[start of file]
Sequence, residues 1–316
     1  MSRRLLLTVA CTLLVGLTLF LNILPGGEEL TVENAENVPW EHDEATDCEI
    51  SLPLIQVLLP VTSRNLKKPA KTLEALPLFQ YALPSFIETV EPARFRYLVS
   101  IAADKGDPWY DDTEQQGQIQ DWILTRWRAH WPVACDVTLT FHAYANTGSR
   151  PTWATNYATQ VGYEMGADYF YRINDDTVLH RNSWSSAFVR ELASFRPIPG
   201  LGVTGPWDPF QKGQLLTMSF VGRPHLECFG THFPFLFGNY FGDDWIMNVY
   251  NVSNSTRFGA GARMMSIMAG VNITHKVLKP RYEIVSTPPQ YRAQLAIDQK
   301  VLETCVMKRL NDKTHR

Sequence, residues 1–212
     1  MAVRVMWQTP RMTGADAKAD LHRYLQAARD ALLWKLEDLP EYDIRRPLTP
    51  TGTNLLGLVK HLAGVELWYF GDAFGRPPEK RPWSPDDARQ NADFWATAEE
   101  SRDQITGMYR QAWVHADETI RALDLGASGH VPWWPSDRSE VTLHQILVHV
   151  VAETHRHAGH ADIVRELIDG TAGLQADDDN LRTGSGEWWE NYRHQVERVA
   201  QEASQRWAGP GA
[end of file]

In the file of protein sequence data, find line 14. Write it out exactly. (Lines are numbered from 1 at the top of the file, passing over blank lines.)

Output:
   201  QEASQRWAGP GA